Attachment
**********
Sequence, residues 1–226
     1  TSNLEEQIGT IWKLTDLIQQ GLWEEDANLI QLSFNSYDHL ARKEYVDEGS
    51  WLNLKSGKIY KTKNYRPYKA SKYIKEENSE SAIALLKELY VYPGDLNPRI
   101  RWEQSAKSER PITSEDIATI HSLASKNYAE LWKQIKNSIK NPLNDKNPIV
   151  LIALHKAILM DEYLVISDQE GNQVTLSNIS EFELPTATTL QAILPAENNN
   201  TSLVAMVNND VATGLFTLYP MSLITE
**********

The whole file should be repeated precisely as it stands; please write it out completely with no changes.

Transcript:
Sequence, residues 1–226
     1  TSNLEEQIGT IWKLTDLIQQ GLWEEDANLI QLSFNSYDHL ARKEYVDEGS
    51  WLNLKSGKIY KTKNYRPYKA SKYIKEENSE SAIALLKELY VYPGDLNPRI
   101  RWEQSAKSER PITSEDIATI HSLASKNYAE LWKQIKNSIK NPLNDKNPIV
   151  LIALHKAILM DEYLVISDQE GNQVTLSNIS EFELPTATTL QAILPAENNN
   201  TSLVAMVNND VATGLFTLYP MSLITE